Uvalde shooting victims’ families call for answers, accountability at school board meeting

Emotions boiled over at Monday night’s Uvalde CISD board meeting on the heels of a damning new report on the failures during the deadly shooting at Robb Elementary School.

"I see DPS in the room, and I can’t help but wonder if they just didn’t find our children worthy of being saved," said Angie Villescaz, founder of the group "Fierce Madres."

Uvalde parents, still grieving and still angry, called for answers and accountability, nearly two months after the shooting that claimed 21 lives.

Many of those at the meeting were family members of those killed, like 11-year-old Layla Salazar’s grandfather.

"We paid over 40 percent of the city budget for the school and the police, and you hired trash. That’s not right. I lost a loved one right here, my only granddaughter," said Vicente Salazar.

"I don’t know if this killer was bullied, but he was killed by a bully," said Ryan Ramirez, father of 10-year-old Alithia Ramirez.

Over the course of three hours, there were numerous calls for Uvalde School District Police Chief Pete Arredondo to be fired, after a legislative report released Sunday found he failed to do his duty. Currently, Arredondo is on paid administrative leave.

"Your boy Pete, he dropped the ball big time. He’s at a school, with children, and he doesn’t know who’s in command," said Pastor Daniel Myers of the Tabernacle of Worship in Uvalde.

"I do hereby demand that Pete Arredondo’s administrative leave be rescinded and his employment with UCISD be terminated," said Michelle Prouty, who lives next door to Robb Elementary.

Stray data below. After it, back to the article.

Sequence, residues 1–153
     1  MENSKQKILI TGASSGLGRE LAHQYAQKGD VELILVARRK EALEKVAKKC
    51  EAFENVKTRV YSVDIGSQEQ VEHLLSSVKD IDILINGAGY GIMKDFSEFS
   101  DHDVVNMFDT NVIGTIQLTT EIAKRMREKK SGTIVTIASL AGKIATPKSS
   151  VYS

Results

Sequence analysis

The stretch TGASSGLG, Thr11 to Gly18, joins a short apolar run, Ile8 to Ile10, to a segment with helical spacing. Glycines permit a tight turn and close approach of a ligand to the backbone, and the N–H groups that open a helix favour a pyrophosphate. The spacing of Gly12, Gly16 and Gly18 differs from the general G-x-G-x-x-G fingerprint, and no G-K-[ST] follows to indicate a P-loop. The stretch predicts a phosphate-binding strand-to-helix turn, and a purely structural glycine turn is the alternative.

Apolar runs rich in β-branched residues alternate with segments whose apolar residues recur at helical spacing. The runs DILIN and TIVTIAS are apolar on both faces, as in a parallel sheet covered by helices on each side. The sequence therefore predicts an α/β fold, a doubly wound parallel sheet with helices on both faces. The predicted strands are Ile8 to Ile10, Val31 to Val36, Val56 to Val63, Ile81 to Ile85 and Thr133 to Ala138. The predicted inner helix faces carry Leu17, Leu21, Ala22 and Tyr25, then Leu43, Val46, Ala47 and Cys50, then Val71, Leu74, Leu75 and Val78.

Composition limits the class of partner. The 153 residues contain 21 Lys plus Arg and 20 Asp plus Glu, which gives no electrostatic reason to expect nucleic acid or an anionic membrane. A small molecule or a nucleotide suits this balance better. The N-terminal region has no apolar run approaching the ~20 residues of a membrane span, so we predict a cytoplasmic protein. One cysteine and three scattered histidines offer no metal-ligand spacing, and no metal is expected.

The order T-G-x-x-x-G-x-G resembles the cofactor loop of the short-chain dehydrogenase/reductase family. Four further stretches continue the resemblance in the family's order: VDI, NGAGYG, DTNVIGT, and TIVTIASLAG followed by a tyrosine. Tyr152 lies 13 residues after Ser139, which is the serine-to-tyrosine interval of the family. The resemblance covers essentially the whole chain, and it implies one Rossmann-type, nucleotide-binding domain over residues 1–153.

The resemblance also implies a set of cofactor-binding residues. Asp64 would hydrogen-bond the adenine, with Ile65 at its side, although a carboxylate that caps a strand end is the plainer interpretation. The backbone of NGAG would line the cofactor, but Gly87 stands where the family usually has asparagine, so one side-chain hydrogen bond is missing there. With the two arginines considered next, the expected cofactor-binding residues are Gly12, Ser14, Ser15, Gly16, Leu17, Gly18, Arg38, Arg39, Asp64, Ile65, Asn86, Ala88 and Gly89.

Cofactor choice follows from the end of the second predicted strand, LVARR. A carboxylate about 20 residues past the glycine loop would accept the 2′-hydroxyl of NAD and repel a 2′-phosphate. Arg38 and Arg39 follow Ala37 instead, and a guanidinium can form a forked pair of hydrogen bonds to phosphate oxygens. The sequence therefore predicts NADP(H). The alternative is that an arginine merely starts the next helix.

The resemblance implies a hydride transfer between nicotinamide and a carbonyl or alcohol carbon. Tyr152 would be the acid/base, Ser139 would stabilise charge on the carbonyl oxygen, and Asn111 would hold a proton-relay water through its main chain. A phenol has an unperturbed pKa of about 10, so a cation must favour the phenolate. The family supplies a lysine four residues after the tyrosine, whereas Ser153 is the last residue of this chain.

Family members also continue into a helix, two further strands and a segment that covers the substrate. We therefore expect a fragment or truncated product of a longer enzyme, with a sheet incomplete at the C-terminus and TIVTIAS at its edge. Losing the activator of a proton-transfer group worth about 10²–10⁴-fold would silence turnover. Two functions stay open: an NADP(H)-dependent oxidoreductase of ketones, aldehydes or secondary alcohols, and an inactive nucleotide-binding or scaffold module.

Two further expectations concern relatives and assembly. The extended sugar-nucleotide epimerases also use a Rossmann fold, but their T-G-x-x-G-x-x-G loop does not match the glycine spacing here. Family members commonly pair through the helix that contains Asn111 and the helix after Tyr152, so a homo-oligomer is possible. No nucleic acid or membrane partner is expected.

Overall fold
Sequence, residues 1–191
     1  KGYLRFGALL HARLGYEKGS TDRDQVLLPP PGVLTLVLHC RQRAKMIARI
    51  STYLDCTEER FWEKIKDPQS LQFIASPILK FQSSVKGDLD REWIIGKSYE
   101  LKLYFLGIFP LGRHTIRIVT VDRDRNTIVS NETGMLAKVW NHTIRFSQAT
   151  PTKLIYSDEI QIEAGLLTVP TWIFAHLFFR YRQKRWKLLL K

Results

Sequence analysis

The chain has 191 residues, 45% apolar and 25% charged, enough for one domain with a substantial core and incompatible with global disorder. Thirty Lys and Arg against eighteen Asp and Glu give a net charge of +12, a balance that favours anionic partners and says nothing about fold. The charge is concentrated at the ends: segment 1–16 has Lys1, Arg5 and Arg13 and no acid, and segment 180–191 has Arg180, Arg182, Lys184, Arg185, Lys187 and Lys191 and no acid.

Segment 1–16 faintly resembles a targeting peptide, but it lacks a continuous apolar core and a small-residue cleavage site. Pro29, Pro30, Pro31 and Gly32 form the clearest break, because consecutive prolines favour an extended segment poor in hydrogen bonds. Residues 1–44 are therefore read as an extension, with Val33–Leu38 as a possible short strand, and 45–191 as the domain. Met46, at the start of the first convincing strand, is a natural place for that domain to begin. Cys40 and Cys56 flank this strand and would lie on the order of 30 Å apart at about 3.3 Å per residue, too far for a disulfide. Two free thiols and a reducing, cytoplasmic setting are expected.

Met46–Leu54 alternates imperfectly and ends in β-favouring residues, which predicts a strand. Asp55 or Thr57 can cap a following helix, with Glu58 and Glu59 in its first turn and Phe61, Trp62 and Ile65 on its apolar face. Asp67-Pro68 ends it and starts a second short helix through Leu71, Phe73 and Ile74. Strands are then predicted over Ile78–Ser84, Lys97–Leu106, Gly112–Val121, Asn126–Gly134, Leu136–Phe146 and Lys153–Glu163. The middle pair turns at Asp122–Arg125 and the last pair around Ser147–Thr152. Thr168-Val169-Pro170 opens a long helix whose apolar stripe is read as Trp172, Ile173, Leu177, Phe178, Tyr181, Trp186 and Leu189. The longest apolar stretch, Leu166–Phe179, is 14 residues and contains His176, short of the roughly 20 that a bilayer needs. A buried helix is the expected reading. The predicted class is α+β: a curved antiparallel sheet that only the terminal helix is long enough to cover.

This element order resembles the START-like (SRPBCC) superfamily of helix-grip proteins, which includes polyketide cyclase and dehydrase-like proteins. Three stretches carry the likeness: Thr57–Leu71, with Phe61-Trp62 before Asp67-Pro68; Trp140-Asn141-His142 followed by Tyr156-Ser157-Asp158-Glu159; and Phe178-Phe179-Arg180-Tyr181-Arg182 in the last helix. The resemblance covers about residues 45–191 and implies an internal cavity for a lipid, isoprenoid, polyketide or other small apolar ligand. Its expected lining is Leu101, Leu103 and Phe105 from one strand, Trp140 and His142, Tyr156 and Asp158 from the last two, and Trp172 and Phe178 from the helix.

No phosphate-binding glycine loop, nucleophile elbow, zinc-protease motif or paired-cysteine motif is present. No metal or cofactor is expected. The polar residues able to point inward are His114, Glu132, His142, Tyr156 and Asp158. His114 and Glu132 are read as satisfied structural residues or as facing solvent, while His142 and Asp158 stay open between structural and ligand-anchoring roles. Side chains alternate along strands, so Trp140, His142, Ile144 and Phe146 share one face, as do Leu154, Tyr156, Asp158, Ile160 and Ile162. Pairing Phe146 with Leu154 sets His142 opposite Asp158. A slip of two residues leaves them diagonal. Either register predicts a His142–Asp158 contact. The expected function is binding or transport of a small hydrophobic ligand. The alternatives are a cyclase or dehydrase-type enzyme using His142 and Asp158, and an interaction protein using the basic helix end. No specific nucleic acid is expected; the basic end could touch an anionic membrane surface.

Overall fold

Others like Jesus Rizo, whose niece, 9-year-old Jackie Cazares, was killed in the shooting, called for Superintendent Hal Harrell to resign.

"You need to ask yourself a question, is it best for me to step down to step aside for the better of the community," said Rizo. "Maybe that is the best legacy you can leave behind, sir."

Many parents expressed concern about sending their own children back to school in Uvalde this fall, without a major safety and security overhaul.

"I have a son going into the fourth grade, afraid for his life, only to go back to school and remember that he lost his cousin in that very grade," said Laura Garza, the aunt of one of the victims.

Monday night, Harrell pledged to do better.

"There’s going to be a lot of work to do to bring back trust. It’s not going to be easy and it’s going to be bit by bit," said Harrell.

But for many, those words just aren’t enough.

"I need Uvalde to be where we turn the page, and from here forward every school in America will follow what Uvalde is about to put in place," said Villescaz.